Life Cycle, and Infection Process of Asian Soybean Rust (ASR)
of information is the APSnet
Monte R. Miles
USDA-ARS, Urbana, IL 61801
Reid D. Frederick
FDWSRU, USDA-ARS Frederick, MD
Glen L. Hartman
USDA-ARS and the Department of Crop Sciences
University of Illinois, Urbana, IL 61801
Life cycle and infection process
Two spore types are known in P. pachyrhizi. The urediniospore is the common spore type found throughout the season. The abundantly produced urediniospores are readily wind dispersed and multiple spore cycles occur throughout the season. Telia and teliospores have been found on infected plants late in the season in Asia as well as in the greenhouse (2, 12). Under laboratory conditions, teliospores have been germinated and basidiospores produced (11). Since no alternate host has been identified, there has been no further characterization of the life cycle.
The infection process starts when urediniospores germinate to produce a single germ tube that grows across the leaf surface, 5 to 400 µm, until an appressorium forms. Appressoria form over anticlinal walls or over the center of epidermal cells, but rarely over stomata (1, 6, 9). Penetration of epidermal cells is by direct penetration through the cuticle by an appressorial peg. When appressoria form over stomata, the hyphae penetrate one of the guard cells rather than entering the leaf through the stomatal opening. This rust and related species are unique in their ability to directly penetrate the epidermis; most rust pathogens enter the leaf through stomatal openings and penetrate cells once inside the leaf. The direct penetration of the epidermal cells and the non-specific induction of appressoria (5) in the infection process of P. pachyrhizi may aid in understanding the broad host range of the pathogen and may have consequences in the development of resistant cultivars.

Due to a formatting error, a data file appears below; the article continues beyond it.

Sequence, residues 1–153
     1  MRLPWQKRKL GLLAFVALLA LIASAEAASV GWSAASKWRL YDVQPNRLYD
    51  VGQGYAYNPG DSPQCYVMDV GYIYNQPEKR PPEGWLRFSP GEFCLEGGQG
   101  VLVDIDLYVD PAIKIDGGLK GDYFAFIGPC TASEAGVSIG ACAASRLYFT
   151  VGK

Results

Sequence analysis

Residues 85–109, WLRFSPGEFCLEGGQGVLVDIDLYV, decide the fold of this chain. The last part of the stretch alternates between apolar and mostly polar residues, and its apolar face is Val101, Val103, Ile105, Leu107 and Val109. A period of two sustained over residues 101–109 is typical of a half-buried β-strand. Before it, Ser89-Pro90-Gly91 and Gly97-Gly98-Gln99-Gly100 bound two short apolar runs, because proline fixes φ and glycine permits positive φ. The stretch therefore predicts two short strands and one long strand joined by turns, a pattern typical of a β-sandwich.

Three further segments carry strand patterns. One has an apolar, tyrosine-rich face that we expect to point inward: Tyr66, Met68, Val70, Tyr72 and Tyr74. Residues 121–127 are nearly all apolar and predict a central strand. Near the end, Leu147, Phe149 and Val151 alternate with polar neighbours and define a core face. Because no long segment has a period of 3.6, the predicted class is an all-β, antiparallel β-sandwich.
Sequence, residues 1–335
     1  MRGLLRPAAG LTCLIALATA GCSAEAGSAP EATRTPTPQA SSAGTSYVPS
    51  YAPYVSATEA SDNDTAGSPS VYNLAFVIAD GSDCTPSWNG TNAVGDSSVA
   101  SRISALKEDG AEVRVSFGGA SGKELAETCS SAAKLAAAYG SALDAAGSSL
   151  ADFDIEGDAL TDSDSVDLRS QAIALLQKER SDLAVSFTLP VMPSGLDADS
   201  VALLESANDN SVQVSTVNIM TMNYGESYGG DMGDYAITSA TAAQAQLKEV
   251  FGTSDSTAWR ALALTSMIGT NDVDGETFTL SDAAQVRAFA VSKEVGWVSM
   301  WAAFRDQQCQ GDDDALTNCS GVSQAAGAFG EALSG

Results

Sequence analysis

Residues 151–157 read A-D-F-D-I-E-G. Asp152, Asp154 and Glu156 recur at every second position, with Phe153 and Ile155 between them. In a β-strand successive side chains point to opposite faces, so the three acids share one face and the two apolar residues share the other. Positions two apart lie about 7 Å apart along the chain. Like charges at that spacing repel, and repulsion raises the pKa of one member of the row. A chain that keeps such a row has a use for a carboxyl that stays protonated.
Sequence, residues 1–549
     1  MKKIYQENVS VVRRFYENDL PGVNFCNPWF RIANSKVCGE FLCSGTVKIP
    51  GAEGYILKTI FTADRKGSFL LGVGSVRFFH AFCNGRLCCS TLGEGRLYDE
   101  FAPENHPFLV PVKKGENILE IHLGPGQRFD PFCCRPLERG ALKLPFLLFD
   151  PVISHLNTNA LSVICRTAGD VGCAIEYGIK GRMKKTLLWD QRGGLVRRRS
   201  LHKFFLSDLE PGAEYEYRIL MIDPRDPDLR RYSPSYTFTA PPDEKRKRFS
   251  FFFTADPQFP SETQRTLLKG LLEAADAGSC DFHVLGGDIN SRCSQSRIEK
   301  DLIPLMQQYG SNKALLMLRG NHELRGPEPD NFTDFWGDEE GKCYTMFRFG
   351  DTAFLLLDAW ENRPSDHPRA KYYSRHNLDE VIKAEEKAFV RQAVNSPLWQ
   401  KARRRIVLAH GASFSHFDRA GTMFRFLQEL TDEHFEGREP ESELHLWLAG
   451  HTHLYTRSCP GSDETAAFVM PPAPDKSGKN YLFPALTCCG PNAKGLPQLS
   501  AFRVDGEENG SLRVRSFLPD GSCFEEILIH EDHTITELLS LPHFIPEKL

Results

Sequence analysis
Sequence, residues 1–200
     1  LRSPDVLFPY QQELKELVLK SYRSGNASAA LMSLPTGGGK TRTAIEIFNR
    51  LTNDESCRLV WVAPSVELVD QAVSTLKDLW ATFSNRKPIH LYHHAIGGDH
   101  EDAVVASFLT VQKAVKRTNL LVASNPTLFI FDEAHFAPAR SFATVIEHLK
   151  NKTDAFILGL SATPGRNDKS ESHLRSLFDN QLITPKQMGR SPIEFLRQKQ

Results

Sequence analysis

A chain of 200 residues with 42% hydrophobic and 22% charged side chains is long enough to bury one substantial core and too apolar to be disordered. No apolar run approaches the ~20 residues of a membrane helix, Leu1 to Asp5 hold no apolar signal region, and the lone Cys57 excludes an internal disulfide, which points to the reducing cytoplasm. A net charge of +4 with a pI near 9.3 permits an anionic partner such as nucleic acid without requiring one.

Uredinia can develop 5 to 8 days after infection by urediniospores. The first urediniospores can be produced as early as 9 days after infection, and spore production can continue for up to 3 weeks (6, 7). Uredinia may develop for up to 4 weeks after a single inoculation, and secondary uredinia will arise on the margins of the initial infections for an additional 8 weeks. Thus, from an initial infection, there could be first generation pustules that maintain sporulation for up to 15 weeks. Even under dry conditions this extended sporulation capacity allows the pathogen to persist and remain a threat. If conditions for re-infection are sporadic throughout the season, significant inoculum potential still remains from the initial infection to reestablish an epidemic. Successful infection is dependant on the availability of moisture on plant surfaces. At least 6 hours of free moisture is needed for infection with maximum infections occurring with 10 to 12 hours of free moisture. Temperatures between 15 and 28°C are ideal for infection (3, 4, 8, 10).
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